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The Spokesman-Review Newspaper
Spokane, Washington  Est. May 19, 1883

Miss Manners: Slacker-turned-academic doesn’t fit in back home

By Judith Martin, Nicholas Ivor Martin and Jacobina Martin ANDREWS MCMEEL SYNDICATION

DEAR MISS MANNERS: Growing up, I was a bad student. I messed around so much, it felt like my entire childhood, I was being chased by school officials or my parents. I was lucky that my parents were educators who exposed me to the world, but I did not graduate from high school and never read a book until adulthood.

This all flipped when I was around 20, and I wound up earning five degrees. (The first one was really tough and painful to get!) I really enjoy the new interests I’ve been exposed to and the things I’ve learned. Most of the time, my very educated friends feel so enriching to be around.

But sometimes when I go back home, old friends or acquaintances who are not as educated will call me weird for the way I talk about or see the world. It feels a little like an insult – like I am weird for knowing there are 2 trillion galaxies. It’s just odd to be chastised for knowledge.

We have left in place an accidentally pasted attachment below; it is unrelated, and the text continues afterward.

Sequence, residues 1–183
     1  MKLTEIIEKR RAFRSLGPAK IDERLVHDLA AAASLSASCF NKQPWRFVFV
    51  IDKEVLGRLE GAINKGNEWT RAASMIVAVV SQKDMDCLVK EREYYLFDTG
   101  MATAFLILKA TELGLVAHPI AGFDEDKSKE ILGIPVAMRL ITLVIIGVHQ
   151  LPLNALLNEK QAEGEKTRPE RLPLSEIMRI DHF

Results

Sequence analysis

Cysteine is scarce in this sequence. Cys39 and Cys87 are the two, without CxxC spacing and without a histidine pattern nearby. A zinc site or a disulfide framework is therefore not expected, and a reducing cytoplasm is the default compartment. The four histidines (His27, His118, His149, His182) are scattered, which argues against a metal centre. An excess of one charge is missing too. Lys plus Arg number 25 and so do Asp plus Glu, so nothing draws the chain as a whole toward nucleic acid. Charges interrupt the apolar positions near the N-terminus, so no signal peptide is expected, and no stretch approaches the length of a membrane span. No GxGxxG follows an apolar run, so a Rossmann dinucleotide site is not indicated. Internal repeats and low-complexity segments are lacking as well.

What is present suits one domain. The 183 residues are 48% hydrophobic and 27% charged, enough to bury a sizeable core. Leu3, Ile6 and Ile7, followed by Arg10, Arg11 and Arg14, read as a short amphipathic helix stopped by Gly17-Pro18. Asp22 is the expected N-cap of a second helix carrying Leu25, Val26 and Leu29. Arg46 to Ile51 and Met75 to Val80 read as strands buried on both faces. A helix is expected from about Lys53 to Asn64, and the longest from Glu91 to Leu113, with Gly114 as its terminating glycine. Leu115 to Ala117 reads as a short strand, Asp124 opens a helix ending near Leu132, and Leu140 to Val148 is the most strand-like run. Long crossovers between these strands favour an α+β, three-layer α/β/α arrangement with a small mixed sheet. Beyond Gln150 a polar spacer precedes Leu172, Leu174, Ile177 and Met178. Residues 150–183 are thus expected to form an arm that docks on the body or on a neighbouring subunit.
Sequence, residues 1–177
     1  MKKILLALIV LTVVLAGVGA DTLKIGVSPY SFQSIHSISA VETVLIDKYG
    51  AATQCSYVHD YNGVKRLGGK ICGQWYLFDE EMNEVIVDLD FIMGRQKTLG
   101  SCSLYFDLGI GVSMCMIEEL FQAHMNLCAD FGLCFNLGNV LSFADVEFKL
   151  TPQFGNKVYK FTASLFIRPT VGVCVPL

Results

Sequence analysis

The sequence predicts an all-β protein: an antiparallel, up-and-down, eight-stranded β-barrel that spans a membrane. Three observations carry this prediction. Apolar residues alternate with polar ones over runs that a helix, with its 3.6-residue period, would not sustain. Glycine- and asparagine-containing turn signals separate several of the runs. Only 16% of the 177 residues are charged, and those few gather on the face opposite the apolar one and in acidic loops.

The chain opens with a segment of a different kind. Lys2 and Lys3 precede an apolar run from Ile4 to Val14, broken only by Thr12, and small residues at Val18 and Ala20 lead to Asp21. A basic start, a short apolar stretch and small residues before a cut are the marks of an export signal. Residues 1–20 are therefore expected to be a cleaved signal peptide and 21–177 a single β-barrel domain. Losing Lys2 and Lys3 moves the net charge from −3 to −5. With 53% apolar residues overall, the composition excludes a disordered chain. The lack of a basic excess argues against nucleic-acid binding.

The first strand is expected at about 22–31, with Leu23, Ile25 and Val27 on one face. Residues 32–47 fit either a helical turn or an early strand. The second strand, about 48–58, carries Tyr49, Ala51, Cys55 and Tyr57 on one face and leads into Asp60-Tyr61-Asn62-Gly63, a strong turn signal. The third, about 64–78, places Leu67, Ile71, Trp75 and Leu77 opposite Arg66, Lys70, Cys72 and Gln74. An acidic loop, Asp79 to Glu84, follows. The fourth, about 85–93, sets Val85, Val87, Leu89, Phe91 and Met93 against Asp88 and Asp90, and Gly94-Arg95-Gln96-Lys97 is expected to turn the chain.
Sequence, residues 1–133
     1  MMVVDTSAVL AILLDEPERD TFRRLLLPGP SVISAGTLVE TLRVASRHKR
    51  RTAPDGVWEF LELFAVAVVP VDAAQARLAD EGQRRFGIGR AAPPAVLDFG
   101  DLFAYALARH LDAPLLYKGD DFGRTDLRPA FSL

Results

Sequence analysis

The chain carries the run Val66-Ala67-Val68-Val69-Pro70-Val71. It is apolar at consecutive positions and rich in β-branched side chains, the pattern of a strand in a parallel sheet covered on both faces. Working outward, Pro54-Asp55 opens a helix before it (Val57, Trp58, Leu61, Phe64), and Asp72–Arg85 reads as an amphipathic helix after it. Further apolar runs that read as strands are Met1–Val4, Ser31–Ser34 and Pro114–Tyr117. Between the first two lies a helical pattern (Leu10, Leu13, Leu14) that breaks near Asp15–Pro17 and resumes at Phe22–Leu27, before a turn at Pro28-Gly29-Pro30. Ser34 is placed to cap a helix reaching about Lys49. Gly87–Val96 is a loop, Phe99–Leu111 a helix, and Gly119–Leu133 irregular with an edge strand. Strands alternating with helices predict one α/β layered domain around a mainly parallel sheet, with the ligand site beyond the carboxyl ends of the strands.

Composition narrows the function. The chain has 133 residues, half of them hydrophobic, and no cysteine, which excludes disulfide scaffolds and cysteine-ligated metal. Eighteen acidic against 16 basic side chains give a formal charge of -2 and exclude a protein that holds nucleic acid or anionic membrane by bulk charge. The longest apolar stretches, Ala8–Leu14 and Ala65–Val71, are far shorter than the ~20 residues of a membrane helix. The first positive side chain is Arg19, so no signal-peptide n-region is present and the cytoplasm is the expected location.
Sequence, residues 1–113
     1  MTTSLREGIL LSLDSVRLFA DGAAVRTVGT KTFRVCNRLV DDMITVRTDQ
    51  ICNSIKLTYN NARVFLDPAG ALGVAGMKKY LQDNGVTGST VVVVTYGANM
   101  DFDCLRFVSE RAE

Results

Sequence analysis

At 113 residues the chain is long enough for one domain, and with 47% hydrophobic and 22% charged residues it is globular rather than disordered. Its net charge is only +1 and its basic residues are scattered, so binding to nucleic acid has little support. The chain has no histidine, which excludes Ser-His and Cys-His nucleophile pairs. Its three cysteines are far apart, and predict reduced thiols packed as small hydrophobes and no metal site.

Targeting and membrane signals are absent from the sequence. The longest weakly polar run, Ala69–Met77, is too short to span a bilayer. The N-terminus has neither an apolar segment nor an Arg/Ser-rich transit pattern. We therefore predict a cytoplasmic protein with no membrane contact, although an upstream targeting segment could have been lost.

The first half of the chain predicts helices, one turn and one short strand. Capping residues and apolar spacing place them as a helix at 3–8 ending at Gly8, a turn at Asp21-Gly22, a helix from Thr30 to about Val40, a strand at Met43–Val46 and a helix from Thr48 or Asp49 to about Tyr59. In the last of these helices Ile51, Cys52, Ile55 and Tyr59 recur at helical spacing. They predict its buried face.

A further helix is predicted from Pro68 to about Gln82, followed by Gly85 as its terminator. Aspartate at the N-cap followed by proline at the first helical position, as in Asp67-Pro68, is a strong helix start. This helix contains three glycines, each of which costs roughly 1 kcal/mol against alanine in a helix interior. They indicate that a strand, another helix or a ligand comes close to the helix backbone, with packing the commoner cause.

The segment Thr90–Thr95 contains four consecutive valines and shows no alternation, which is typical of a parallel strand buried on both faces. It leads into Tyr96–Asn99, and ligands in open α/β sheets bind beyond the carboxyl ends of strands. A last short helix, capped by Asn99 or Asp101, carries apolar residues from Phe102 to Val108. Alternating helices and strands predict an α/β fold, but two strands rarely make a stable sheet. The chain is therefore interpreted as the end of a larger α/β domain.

There is something beautiful about knowledge, and it just seems so normal to me. I am sure down deep inside, they feel inadequate at times, but it feels odd for me to address this. I honestly do not know what to say when it happens.

GENTLE READER: Remember when you said that first degree was really tough? Miss Manners encourages you to ask yourself why.

Did everyone around you seem smarter? Were some even sanctimonious about your ignorance on certain subjects?

No doubt, you never called them weird, and therein lies the difference. But if you can be patient with your less-educated friends, the way your parents and educators were with you, it might similarly inspire them.

If all else fails and your enthusiasm is still not catching, you may innocently say, “Oh. I thought it was cool, not weird. But I guess that’s subjective.” And then resist defining “subjective.”

DEAR MISS MANNERS: I am a fan of a local sports team, and I have a friend with season tickets. Any time they are unable to attend, they offer to sell me the tickets.

The problem is that they want to sell them to me at full price when I can easily go online and purchase tickets on the secondhand market for much cheaper. This makes me feel taken advantage of.

When we come together later to talk about the game, I am uncomfortable lying and pretending like I didn’t go, but I am also uncomfortable telling them that their asking price for the tickets is unreasonable. What is my best approach to this situation?

GENTLE READER: “I was able to go after all, and found tickets elsewhere. Now how about that seventh inning?

Please send your questions to Miss Manners at her website